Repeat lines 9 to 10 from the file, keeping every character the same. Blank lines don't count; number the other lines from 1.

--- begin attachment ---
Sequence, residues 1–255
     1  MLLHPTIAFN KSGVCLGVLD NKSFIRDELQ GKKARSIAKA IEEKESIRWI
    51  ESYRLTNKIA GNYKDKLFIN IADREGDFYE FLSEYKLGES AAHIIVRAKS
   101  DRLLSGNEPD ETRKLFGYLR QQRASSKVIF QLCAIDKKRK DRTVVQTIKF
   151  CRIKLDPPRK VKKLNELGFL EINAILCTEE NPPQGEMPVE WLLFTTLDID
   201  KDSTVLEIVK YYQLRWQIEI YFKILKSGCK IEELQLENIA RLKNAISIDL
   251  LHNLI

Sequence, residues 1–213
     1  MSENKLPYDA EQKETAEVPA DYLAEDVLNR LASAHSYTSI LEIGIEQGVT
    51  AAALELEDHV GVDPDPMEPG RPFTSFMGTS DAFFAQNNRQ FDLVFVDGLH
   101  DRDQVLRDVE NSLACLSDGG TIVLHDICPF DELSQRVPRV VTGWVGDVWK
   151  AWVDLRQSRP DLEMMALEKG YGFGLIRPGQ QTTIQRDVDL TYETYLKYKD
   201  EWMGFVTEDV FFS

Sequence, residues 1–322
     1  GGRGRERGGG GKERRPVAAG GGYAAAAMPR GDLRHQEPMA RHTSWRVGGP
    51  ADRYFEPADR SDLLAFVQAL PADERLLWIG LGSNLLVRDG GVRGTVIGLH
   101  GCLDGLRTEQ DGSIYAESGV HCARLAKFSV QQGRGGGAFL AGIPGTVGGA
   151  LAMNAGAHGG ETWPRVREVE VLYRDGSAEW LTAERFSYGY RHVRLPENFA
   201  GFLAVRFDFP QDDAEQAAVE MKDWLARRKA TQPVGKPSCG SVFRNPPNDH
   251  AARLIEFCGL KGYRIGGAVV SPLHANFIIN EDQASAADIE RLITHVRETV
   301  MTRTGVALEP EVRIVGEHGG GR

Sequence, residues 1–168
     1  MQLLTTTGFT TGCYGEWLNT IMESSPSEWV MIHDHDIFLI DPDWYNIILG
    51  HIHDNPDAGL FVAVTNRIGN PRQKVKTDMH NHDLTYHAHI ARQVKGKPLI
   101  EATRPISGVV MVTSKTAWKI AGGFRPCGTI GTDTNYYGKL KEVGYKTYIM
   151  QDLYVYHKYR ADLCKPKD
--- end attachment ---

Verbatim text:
     1  MSENKLPYDA EQKETAEVPA DYLAEDVLNR LASAHSYTSI LEIGIEQGVT
    51  AAALELEDHV GVDPDPMEPG RPFTSFMGTS DAFFAQNNRQ FDLVFVDGLH